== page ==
By François LeBlanc and Rand Eppich

Today the world is losing its architectural and archaeological cultural heritage faster than it can be documented. Human-caused disasters, such as war and uncontrolled development, are major culprits. Natural disasters, neglect, and inappropriate conservation are also among the reasons that our heritage is vanishing.

In Afghanistan we have lost to armed conflict archaeological remains and architecture for which we have limited or no documentation. At the January 2004 annual meeting of the Archaeological Institute of America, Abdul Wasey Feroozi, director general of Afghanistan's National Institute of Archaeology, reported on the impact of war upon his country's cultural heritage. Among the places destroyed in recent decades, in addition to the giant Buddha statues in Bamiyan, were the Buddhist temple of Tepe Shutur-e-Hadda and the tower of Chakari, an important monument from the first century. "In a war-stricken country," stated Feroozi, "one can repair or even renovate roads, bridges, schools, hospitals, et cetera, but lost and destroyed cultural heritage can never be rehabilitated or renovated."

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Contemporary urban developments can also wipe out centuries of unrecorded history. On the outskirts of Mexico City, the pre-Columbian Aztec site of Xochimilco is under threat because of urban sprawl; information from earlier periods of history is likely to be lost with rapid modern construction. In sites such as this, it is possible to use the latest technology to record information about the archaeological remains, either to capture the knowledge before construction proceeds or to alter the course of development. This happens too rarely.

And what of Mother Nature? At the end of August 2005, along the U.S. coast of the Gulf of Mexico, the city of New Orleans and other historic cities and towns were savaged by Hurricane Katrina. In addition to the tragic and extensive loss of life, the hurricane damaged or destroyed countless historic structures, public and private, altering forever the architectural landscape of the communities that suffered under the force of the storm. Although the impact on the region's cultural heritage is still being assessed, significant damage clearly occurred, including the eradication of some historic cityscapes.

The stories go on, year after year, decade after decade. Unfortunately, so does the loss of cultural heritage for which we have little or no lasting record.

While we should strive to preserve as much as possible of our architectural and archaeological cultural heritage, we cannot save everything. One option is to document heritage before it is lost. A permanent record will transmit knowledge of these places to future generations. Equally important, documentation is the thread that runs through the entire process of cultural heritage conservation. Indeed, documentation can help keep heritage from being destroyed or forgotten, and it serves to communicate, not only to conservation professionals but to the public at large, the character, value, and significance of the heritage.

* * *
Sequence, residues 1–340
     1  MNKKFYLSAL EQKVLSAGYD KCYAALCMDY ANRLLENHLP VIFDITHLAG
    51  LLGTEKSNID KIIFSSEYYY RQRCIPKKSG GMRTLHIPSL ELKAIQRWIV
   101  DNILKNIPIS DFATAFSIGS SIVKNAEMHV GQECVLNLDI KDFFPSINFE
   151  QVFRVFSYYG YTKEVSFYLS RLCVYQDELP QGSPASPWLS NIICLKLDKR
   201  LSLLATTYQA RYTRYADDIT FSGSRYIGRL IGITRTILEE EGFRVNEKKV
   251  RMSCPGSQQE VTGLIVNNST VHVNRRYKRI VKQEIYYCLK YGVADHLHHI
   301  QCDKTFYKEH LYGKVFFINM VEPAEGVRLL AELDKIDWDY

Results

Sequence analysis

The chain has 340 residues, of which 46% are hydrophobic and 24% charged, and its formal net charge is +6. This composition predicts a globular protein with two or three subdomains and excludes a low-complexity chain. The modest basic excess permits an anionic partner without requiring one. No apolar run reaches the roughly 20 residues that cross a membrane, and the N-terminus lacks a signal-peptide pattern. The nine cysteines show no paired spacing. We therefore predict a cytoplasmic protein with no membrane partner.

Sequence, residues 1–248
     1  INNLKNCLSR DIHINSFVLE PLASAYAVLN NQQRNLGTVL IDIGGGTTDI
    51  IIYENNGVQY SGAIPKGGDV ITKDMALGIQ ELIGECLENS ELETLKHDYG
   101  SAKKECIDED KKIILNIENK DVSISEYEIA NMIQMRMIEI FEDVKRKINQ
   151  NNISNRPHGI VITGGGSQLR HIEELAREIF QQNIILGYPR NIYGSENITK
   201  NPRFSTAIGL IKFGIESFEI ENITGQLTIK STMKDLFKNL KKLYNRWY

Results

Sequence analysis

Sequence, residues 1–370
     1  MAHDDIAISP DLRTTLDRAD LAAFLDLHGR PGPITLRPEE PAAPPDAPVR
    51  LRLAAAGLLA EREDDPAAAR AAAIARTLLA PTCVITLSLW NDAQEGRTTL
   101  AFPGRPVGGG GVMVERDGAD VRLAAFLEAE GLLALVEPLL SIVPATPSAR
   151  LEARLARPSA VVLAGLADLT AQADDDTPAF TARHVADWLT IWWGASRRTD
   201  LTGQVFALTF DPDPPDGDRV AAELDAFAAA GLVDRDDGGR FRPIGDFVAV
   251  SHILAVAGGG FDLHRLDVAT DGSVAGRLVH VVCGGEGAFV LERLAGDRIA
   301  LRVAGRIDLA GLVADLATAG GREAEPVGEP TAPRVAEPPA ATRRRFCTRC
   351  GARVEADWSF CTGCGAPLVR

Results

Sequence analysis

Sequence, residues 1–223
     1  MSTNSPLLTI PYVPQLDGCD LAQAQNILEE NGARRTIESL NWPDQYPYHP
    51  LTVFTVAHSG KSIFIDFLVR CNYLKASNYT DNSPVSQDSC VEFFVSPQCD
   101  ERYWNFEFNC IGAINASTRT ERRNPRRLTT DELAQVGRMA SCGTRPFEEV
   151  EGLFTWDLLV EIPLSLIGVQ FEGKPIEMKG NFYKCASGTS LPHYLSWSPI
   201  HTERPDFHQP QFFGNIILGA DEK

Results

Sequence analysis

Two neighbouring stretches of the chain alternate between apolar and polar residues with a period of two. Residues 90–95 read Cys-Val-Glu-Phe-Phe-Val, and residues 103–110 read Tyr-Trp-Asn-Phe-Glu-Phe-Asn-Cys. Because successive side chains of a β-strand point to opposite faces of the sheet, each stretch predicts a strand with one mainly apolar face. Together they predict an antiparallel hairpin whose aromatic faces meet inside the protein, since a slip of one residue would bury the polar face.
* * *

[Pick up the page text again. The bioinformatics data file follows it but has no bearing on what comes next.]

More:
Defining Documentation

Documentation of cultural heritage, broadly defined, includes two main activities: (1) the capture of information regarding monuments, buildings, and sites, including their physical characteristics, history, and problems; and (2) the process of organizing, interpreting, and managing that information. Reasons for engaging in documentation include:

  • assessing the values and significance of the heritage in question;
  • guiding the process of conservation;
  • providing a tool for monitoring and managing heritage while creating an essential record; and
  • communicating the character and importance of heritage.
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Archaeological sites offer good examples of how documentation contributes to heritage conservation. Partial foundations, incomplete walls, and scattered debris found at an excavation can make it difficult to interpret. In northern Israel at the archaeological site of Tel Dan, there is one of the earliest known examples of a complete arch, the archway of the Canaanite gate—dated to the middle Bronze Age (mid-eighteenth century BCE). Without proper documentation by archaeologists and surveyors, it is almost impossible to distinguish the mud brick arch from the similarly colored surrounding earth. Proper documentation has also enabled archaeologists to date the arch accurately, demonstrating that this building technology existed far earlier than previously thought—thus according the site greater significance. Good documentation of a site allows for a better understanding of its value—historical, scientific, aesthetic, social, and economic. Recognition of a site's value and significance is often the first step toward its conservation.